About 90 percent of Californians have no earthquake insurance. Unlike homeowners’ insurance (which doesn’t cover earthquakes), it is not required to obtain a mortgage, and having the coverage roughly doubles the standard cost of insuring a home. Our current policy is underwritten by the California State Earthquake Authority, a privately financed, publicly managed entity that offers coverage on behalf of about two dozen insurers and has about $17 billion on hand to pay claims—a figure that would be grossly inadequate in the event of a real catastrophe. Our current deductible is well in the mid-six figures. We hold less than 70 percent equity in our house, and thus we might be just as well-off without the coverage because the bank, not us, would be left holding a good part of the burden, so why does the thought of giving it up (as we had been thinking of doing) make me blanch in light of the latest news?

Risk is built into life, and the most dangerous thing I do every day is doubtless just getting into my car to drive a few blocks to the supermarket or gas station. (By the way, the experts urge Californians to keep their tanks three-quarters full at all times, in the event of a power failure.) But the worst damage in a big quake would be grim, and would include destroyed freeways, since Interstate 10 crosses the San Andreas in a dozen places; fires from broken gas lines; damage to the vital aqueducts that transport nearly 90 percent of L.A.’s water supply; and such a disruption in interstate high-voltage power lines through the Cajon Pass—the main route to Las Vegas—that electricity in Southern California could be out for days or longer.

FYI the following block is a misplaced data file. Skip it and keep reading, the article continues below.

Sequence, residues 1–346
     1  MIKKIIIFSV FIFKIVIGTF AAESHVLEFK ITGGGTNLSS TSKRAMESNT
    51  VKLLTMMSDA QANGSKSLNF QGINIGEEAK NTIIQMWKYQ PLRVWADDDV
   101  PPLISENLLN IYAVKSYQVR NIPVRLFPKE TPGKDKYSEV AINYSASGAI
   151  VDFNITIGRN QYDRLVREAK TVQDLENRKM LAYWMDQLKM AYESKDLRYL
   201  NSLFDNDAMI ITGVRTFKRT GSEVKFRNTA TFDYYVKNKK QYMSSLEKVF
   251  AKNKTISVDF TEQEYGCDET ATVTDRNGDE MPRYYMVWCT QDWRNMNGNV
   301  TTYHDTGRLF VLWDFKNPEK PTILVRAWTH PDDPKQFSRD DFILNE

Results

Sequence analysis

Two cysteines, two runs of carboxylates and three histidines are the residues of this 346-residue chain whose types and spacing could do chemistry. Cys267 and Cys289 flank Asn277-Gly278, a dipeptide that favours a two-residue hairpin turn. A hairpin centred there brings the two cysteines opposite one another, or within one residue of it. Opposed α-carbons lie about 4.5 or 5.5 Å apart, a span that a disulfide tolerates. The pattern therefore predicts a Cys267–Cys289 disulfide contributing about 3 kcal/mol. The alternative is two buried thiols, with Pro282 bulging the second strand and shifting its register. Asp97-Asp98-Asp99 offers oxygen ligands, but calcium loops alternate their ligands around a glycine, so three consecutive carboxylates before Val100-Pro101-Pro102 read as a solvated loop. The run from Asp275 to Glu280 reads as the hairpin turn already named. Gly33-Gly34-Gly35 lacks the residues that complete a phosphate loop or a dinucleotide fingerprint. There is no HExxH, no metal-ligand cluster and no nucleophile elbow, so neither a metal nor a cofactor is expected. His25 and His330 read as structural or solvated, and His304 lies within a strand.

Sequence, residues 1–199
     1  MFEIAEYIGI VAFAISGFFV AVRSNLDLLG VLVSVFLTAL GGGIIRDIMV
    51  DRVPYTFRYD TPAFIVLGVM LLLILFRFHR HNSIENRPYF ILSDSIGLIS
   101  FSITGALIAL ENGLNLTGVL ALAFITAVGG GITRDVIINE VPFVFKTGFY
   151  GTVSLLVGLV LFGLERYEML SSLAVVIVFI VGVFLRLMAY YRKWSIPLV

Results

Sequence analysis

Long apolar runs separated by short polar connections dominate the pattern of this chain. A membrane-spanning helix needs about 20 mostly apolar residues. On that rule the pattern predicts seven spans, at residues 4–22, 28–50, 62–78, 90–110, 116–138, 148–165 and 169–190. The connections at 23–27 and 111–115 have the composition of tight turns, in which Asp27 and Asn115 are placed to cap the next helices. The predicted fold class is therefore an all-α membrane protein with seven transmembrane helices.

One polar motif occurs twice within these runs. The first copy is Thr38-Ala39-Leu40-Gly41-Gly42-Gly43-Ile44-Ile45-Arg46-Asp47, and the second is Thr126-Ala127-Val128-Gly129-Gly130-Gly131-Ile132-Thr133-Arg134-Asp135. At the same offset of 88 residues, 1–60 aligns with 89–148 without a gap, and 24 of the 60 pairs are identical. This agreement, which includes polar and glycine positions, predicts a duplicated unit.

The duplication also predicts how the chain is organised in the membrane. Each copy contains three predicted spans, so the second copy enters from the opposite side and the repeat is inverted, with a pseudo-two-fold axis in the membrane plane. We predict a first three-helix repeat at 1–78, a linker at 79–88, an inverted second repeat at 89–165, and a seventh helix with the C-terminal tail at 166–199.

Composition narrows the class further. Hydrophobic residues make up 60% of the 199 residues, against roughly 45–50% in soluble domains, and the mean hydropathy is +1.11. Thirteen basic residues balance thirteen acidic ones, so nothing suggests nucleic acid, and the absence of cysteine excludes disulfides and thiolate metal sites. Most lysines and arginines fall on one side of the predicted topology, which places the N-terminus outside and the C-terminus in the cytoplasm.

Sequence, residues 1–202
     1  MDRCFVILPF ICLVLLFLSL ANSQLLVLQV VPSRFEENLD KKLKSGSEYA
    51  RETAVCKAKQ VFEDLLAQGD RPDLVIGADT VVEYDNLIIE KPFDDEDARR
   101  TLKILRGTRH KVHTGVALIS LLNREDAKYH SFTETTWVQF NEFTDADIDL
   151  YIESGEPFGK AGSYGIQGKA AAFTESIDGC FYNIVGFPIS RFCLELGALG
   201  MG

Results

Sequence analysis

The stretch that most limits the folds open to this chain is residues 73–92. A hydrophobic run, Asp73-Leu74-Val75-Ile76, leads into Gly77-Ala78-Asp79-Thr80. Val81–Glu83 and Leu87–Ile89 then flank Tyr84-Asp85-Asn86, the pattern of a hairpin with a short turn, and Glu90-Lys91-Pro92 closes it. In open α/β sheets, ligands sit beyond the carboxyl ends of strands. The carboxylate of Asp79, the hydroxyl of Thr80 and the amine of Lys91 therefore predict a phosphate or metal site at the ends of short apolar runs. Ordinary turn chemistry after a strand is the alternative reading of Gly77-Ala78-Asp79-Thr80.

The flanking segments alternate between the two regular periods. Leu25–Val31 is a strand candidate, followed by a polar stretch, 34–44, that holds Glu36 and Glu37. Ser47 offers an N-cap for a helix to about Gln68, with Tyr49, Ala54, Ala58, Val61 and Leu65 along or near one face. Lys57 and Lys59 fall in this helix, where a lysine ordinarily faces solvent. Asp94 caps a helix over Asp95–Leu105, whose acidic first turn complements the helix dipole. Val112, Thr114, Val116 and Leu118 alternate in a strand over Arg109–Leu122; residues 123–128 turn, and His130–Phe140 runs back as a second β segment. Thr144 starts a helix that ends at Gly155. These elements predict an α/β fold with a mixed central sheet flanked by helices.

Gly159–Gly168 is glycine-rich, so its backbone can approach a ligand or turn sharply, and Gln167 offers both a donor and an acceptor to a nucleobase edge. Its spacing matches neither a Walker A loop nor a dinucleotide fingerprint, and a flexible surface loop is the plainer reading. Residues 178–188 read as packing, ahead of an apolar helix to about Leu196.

Yet a sort of willful denial persists. More than 75 years ago, the journalist Carey McWilliams noted that “while taking elaborate precautions against earthquakes (such as ordinances limiting the height of buildings), Southern California amusingly minimizes the actual dangers involved. In a Santa Barbara booster book written in 1919, Leila Weekes Wilson wrote that ‘a real earthquake has not been felt here for over a hundred years, so the danger from seismic disturbances need cause little worry.’’’ Six years later, a major quake there killed a dozen people and destroyed or damaged virtually every brick, concrete, or stone building in the city, forcing the rebuilding of the entire downtown.

As it happened, the first Ridgecrest quake—6.4 magnitude—struck on the morning of July 4, just as we were preparing to leave Los Angeles for a long weekend in Santa Barbara, to celebrate my in-laws’ 61st wedding anniversary. My father-in-law, a onetime Navy pilot and 25-year veteran of life in California, knew instantly what had happened. My mother-in-law, standing in our newly renovated kitchen (with its freshly reinforced and solidly bolted foundation), felt nothing. I was standing in the frame of our open front door. That’s one of the safest places to be, apparently. And I still felt the house go off plumb and saw the hanging light fixtures in our hallway swing from three to four inches, side to side.

The second quake, 7.1 magnitude, hit the next night, as we were having a celebratory dinner in a crowded restaurant in Montecito. It lasted for about three-quarters of a minute, and time seemed to stand still. When the swaying stopped, the decibel level in the room, already buzzing, rose sharply at once, and one sensed the nervous diners reaching as one for another glass of wine. The Ridgecrest temblor produced scattered fires, cracked foundations, broken bottles in stores, and other property damage. That second quake packed a power equal to 45 atomic bombs of the type dropped on Hiroshima, and a comparable one in a city as dense as Los Angeles would have produced serious harm to life and limb. Denial in the face of such a prospect is not a rational strategy—which is why I suspect I’ll be headed to Home Depot this week, checklist and credit card in hand.

We want to hear what you think about this article. Submit a letter to the editor or write to letters@theatlantic.com.